Add page numbers, so the audience can refer to a particular slide if they have questions.

         Use of the power of visual communications: use conceptual diagrams, such a flow charts, organizational charts, decision tree and matrices, mind-maps etc. whenever possible.

         Use animations rather than live software demonstrations to avoid potential disruptions due to technical problems.

         Review every step of our analysis for your audience and do not skip relevant steps in your presentation. Remember, while you are the expert, the audience needs to be able to follow your arguments.

         For formulas explain each term and properly typeset the used mathematical equations. Make sure that the notation is consistent. You may also use conceptional diagrams highlighting the relationships between the inputs into a formula and its output.

         Make sure that the style and format of your presentation, maps, and graphs is consistent.

         Present your results in an unambiguous and unbiased manner.

         Discuss any relevant spatial relationships.

         Support your arguments with proper maps, figures and supporting statistics.

         Discuss every map, figure and statistic that you present. Remember: If it is not worth discussing then it is not worth showing.

         For programming and database projects provide:

o   the pseudo code;

o   flowcharts and organizational charts of your algorithm and data structures, respectively;

o   all relevant equation;

o   a test of your implementation with well-designed and scaled training datasets;

o   performance statistics on the consumed computing resources (i.e., elapsed time in relation to the number of available parallel processes and memory consumption) and identify bottlenecks.

o   a presentation that satisfies the standards of software engineering.

         The conclusions should entail:

o   A summary of your findings and results. Note: a project without results/findings is an incomplete project.

o   A discussion of general implications of your study.

o   A discussion where else your proposed solution strategy can be applied.

o   A discussion of conceivable variations of the project's execution.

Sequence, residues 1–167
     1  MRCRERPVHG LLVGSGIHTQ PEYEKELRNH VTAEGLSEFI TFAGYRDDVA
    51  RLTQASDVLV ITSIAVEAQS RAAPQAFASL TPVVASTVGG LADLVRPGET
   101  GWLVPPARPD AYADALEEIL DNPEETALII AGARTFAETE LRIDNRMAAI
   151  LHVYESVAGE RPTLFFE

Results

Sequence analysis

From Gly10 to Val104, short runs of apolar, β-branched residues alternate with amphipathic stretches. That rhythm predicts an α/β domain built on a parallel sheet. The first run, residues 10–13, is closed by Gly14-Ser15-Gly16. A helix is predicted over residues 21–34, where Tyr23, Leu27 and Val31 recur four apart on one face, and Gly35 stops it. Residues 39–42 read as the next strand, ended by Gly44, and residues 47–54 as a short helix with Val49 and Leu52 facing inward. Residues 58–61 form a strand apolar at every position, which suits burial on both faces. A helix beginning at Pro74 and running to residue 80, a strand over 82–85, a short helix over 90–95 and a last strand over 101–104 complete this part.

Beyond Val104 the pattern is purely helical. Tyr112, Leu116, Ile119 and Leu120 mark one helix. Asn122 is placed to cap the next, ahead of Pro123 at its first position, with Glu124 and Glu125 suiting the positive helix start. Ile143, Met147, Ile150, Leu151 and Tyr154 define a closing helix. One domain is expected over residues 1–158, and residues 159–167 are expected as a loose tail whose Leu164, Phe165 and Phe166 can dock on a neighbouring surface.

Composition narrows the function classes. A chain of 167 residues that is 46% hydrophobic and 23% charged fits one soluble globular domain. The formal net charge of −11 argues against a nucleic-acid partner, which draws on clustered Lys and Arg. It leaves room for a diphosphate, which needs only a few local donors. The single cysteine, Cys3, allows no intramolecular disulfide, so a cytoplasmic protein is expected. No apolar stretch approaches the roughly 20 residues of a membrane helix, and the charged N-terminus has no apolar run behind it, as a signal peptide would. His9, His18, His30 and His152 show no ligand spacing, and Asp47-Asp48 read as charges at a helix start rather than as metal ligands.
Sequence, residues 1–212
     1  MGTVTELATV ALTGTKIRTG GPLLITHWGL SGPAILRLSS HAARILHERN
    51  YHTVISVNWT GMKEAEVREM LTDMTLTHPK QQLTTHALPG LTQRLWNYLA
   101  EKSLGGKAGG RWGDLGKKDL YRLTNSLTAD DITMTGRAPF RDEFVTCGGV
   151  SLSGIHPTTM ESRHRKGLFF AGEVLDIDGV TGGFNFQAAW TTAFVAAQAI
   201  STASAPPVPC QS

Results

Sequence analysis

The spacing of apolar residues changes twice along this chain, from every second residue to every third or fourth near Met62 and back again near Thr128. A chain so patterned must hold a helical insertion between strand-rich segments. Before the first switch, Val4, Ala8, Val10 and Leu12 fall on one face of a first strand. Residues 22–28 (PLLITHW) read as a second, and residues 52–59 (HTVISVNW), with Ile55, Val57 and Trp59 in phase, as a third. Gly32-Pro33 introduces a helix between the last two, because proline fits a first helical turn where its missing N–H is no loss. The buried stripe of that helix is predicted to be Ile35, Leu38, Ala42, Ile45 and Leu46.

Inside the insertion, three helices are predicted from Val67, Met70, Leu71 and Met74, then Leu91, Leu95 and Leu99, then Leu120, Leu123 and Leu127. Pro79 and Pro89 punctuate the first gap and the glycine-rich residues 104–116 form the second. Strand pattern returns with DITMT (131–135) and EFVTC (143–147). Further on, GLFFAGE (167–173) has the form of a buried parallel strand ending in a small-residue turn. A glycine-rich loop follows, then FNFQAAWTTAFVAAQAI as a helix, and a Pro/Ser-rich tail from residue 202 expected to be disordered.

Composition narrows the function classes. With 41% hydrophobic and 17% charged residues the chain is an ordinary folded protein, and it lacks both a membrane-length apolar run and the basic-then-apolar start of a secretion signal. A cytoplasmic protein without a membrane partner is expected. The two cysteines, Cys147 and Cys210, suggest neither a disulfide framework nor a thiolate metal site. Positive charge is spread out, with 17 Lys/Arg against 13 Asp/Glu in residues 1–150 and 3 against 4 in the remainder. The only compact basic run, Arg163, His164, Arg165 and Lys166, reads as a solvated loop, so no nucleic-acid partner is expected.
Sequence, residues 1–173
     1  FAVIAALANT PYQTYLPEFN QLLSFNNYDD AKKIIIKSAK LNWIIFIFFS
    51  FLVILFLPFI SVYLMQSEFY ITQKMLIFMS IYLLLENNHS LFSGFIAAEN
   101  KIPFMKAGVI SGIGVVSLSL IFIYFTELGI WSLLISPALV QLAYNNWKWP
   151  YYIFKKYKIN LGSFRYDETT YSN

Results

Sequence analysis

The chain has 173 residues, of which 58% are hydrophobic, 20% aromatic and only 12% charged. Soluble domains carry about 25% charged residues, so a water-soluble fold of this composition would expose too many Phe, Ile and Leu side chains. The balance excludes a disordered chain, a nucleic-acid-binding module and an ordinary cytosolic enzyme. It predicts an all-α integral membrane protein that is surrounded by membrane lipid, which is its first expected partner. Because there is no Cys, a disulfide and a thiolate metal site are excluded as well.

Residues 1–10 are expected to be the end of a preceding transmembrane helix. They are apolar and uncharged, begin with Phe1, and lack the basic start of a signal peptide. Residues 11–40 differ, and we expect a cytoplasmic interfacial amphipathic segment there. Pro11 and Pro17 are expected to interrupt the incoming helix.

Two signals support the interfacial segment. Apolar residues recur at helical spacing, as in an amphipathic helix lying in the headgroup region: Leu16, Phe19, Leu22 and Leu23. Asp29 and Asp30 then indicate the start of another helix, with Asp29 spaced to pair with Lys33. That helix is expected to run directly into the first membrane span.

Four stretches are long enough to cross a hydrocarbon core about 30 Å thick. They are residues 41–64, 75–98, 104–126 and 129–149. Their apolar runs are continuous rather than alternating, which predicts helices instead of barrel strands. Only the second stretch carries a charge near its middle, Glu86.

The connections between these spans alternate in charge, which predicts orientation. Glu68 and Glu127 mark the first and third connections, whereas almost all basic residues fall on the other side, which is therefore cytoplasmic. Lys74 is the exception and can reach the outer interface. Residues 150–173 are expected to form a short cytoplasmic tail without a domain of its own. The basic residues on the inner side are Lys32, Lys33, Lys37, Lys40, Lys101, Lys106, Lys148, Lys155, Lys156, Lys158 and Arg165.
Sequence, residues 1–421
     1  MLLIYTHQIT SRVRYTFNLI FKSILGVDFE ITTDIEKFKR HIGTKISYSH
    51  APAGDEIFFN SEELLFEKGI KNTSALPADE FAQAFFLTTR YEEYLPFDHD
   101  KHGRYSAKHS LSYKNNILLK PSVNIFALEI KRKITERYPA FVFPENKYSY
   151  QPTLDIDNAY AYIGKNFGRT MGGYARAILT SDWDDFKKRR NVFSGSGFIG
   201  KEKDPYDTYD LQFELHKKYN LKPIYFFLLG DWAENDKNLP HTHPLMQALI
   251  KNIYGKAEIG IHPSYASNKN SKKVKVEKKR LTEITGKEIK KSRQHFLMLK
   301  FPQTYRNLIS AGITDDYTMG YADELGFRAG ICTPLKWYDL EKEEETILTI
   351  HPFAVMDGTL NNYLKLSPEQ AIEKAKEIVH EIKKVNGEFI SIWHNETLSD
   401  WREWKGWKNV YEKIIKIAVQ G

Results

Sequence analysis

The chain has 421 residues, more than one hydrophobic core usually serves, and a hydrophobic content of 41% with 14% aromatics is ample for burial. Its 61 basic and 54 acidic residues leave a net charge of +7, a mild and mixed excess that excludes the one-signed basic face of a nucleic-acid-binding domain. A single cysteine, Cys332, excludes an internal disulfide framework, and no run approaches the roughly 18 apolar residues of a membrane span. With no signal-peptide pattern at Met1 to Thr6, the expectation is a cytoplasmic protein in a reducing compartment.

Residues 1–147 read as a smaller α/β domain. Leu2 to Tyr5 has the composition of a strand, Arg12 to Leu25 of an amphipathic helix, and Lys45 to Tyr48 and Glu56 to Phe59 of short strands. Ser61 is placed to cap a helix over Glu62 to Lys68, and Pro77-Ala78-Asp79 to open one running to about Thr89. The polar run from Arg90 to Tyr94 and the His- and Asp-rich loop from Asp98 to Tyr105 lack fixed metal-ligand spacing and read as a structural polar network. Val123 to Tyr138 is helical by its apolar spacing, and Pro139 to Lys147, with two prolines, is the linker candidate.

o   A discussion of any shortcomings and possible improvements of your project, if sufficient resources would have been available. Note:

ß  It is acceptable to have shortcomings, to make somewhat unrealistic assumptions or to work with imperfect data as long as you are aware of these problems and know how they impact your results.

ß  However, it is unacceptable that these shortcomings are easily correctable and you just missed performing these corrections.

 

 

Evaluation of the Masterís Project

The GISc faculty, who is attending the presentations, will jointly evaluate the execution of research project, the oral presentation as well as the candidateís response to questions. The GISc faculty will subsequently vote to pass or fail the studentís defense. If stipulated by the GISc faculty, a candidate may then be required to make minor changes to her/his presentations. Once the directing supervisor has approved these revisions, the defense is passed.

However, a student who fails the project defense may still pass the project as long as the students have a good proposal and an acceptable midterm progress report. The student will need to defense the project in the future semesters, usually by signing up an independent study with his/her directing supervisor.

 

The Thesis Option

It sometimes becomes apparent during the work on a Masterís project that the student and her/his supervisor feel that the project has the potential to mature into a written Masterís thesis. Bear this option in mind when you work on your Masterís project. Writing a Masterís thesis will distinguish you beyond completing a Masterís project. Should you intend to enter doctoral program at a later time, be aware that most graduate programs in North America require that applicants have written a Masterís thesis. Be aware that proceeding with thesis option may delay your graduation by one semester. Talk with your direct supervisor before the Universityís narrow timeframe during a semester of changing the graduation status expires. More details on the Masterís thesis can be found in the GISc Masterís thesis guideline (link added later).

 

 

Assignments & Academic Calendar

[Topics, Reading Assignments, Due Dates, Exam Dates]

 

6/2

Course introduction, presenting initial idea for project

6/16

Proposal Due. Check http://www.utdallas.edu/~ffqiu/projectreport_requirements.pdf for guidance on writing proposal and reports.

7/14

Midterm progress report due with literature review, methodology, and† preliminary results

8/11 (Tentative)

Masterís Project Presentation (9 am-12 pm) and Final Report and Powerpoint Due at 11:59 pm

 

 

Course Policies

 

Classroom Citizenship